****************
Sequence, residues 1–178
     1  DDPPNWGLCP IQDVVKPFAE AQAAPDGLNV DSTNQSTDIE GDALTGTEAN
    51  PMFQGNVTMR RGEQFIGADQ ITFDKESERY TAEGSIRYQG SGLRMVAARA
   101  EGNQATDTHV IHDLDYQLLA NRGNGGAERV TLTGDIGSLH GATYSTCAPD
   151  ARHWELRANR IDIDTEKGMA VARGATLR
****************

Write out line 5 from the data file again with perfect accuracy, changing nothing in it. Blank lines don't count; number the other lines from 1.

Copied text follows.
   151  ARHWELRANR IDIDTEKGMA VARGATLR